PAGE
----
Ongoing Agony of the Banks | 09.10.29

The New York Times | If the federal government’s strategy to save the banks was meant to get them back into the business of lending to American consumers and businesses, it has not worked yet. | Updated | More >>

Today In The History of This Website... | 09.10.28

Today, on the once sorrowful Feast of The Blue Screen of Death,

did Andrew, once burdened with old files, decrepit javascript and non-validating markup, proclaim his Web site, saveandrewgarib.com, complete in archives, and valid in the eyes of W3C The Infallible, in both HTML and CSS, excepteth for some crap about oncontextmenu or something about which he giveth not a shit,

and he did rejoice,

in the year of Unix 39, the 28th Day of the Tober of Oct, 1256688000.

Ameneth.



Reverse Robin Hood

The Bailout Helps Fuel a New Era of Wall Street Wealth

The New York Stock Exchange, September 2008. The Wall Street Bailout was supposed to fix the credit markets and, in turn, the rest of the economy. But credit isn’t flowing and U.S. unemployment tops 10%—while the bank rebound. | Justin Lane / European Pressphoto Agency via NY Times

Graham Bowley, The New York Times | How can some banks be prospering so soon after a financial collapse, even as legions of people worry about losing their jobs and their homes?

It may come as a surprise that one of the most powerful forces driving the resurgence on Wall Street is not the banks but Washington. Many of the steps that policy makers took last year to stabilize the financial system—reducing interest rates to near zero, bolstering big banks with taxpayer money, guaranteeing billions of dollars of financial institutions’ debts—helped set the stage for this new era of Wall Street wealth. | Updated | More >>

Tories won’t update information and privacy laws | 09.10.15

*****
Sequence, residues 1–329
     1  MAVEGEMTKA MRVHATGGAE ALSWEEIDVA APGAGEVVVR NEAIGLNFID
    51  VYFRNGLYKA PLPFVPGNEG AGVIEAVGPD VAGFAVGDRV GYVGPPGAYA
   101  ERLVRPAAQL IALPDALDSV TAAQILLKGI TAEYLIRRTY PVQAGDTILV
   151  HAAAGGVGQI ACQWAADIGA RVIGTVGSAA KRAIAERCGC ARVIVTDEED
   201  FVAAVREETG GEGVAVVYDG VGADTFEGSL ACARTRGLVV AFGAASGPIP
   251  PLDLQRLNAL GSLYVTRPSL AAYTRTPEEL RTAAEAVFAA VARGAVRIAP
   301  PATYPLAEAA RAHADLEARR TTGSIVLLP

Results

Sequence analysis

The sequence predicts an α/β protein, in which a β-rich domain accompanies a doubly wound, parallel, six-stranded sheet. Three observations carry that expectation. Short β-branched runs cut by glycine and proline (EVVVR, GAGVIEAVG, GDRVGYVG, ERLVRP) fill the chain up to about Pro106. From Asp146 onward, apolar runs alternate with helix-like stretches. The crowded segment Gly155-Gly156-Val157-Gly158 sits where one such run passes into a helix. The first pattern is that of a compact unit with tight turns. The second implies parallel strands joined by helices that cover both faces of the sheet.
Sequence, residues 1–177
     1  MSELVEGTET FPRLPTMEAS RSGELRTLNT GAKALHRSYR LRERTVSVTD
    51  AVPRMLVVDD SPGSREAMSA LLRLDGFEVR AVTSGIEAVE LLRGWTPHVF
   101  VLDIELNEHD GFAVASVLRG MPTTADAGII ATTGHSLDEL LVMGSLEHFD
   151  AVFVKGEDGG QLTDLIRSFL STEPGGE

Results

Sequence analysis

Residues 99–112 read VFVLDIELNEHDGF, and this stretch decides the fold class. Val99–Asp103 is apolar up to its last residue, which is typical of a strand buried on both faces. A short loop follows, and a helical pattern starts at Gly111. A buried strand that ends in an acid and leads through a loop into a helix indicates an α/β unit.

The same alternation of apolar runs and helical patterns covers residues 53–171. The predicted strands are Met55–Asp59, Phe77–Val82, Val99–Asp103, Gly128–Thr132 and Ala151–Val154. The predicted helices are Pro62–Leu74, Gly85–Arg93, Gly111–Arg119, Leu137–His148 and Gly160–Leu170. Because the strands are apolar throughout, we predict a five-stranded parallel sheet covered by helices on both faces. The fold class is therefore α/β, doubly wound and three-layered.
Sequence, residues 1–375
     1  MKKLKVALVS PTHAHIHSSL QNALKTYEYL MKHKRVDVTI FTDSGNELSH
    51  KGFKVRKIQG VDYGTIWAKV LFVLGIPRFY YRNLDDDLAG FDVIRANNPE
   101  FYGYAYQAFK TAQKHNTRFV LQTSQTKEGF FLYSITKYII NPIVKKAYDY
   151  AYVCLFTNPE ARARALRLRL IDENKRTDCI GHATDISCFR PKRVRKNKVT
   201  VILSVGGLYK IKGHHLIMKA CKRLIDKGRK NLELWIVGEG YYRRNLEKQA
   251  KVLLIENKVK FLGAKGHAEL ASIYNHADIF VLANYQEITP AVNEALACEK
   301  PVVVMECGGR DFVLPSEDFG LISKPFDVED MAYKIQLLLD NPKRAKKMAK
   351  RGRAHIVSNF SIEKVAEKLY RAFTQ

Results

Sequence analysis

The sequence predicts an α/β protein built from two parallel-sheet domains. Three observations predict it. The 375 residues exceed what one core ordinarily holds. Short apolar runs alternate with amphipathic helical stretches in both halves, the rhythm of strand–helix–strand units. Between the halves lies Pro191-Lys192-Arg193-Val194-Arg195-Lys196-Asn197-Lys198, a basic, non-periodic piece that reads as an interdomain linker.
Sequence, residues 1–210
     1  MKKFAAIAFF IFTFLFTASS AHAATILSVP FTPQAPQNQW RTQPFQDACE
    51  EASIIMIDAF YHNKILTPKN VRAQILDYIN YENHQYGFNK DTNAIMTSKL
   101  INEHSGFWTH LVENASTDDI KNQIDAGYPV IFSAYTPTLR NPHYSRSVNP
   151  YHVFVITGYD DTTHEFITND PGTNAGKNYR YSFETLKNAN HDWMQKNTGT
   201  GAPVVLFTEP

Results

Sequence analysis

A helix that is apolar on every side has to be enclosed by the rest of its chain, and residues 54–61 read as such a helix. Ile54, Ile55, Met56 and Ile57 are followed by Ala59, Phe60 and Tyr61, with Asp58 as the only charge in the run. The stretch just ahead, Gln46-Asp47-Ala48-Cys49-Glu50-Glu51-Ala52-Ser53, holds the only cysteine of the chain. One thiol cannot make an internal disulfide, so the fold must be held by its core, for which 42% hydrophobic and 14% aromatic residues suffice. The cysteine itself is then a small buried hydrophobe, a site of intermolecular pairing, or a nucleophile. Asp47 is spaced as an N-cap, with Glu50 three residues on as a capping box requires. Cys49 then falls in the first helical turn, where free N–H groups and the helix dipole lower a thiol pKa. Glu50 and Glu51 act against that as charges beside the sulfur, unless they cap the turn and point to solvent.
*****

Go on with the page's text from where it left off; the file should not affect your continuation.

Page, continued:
Joan Bryden, The Toronto Star | OTTAWA—The Harper government has quietly nixed recommendations to expand and modernize Canada’s access-to-information and privacy laws. | Updated | More >>

Lobbyist Pushing to Represent Sudan | 09.10.10

Dan Eggen, The Washington Post | A prominent Democratic fundraiser and ally of Sen. John F. Kerry (D-Mass.) is attempting to secure a lobbying contract with the pariah regime in Sudan, which has embarked on an aggressive effort to enlist U.S. support against allegations of genocide and war crimes. | Updated | More >>

Related: Obama drops plan to isolate Sudan leaders | NYT 09.10.16

Related: Pentagon convenes Sudanese war-crime cases | Miami Herald 09.10.19

Elephant, Now In Room | 09.10.19

Pulling the pulling-the-race-card card; Brow-beating Beyoncé; Self-promoting Tories won’t save the Liberals; Why we need government-run news; AND: FUDGE!!!!! | Updated | More >>

Photos: Summer’s Over | 09.10.01

Might as well just say it: It’s not coming back. <sniff> | More Photos >>



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Highlights

Too Many Chiefs

In one fell swoop, Joe Lieberman, once Democratic candidate for vice president, then neocon stoolie, and now so-called “moderate” independent senator from Connecticut, both put the Democratic health proposal’s essential public option in doubt and proved James Madison wrong. | More >>

The Prophet That Wasn’t

Is Ron Paul really the spirit behind the Tea Party protests? ALSO: Charging for software, and other horrible things; Different planets saw different Obama speeches; And the numbers still suck | More >>

Going for Broke

Robert Wright thinks there can be a ‘grand bargain’ on evolution. But there’s no such thing as a compromise in a culture war. | More >>

Torturer’s Shill

Michael Ignatieff outright condemns torture in his book, “The Lesser Evil.” So why do the rest of his arguments sound like John Yoo? | More >>

| More @ Archive >>

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Clips

Greek Consulate gets protest by bike

The New York Daily News | 08.12.11

Famed sex den Scores, once a top moneymaker, can’t jiggle out of financial troubles

The New York Daily News | 08.12.11

Two FIT students held on drug charges after selling drugs to undercover cop

The New York Daily News | 08.12.11

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Created: 05.12.04 | Last Updated: 10.03.03 | RSS | Under Creative Commons Licence | About Whis Website